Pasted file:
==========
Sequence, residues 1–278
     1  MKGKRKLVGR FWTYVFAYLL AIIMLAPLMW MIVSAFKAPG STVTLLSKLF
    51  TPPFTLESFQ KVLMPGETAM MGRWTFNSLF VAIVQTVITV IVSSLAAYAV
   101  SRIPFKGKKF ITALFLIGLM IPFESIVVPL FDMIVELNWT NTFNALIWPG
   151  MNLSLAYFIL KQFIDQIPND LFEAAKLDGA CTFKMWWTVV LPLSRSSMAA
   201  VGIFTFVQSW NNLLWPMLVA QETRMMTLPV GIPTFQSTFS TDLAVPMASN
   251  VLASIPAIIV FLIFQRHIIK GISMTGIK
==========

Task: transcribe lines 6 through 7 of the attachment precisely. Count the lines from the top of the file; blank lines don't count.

   201  VGIFTFVQSW NNLLWPMLVA QETRMMTLPV GIPTFQSTFS TDLAVPMASN
   251  VLASIPAIIV FLIFQRHIIK GISMTGIK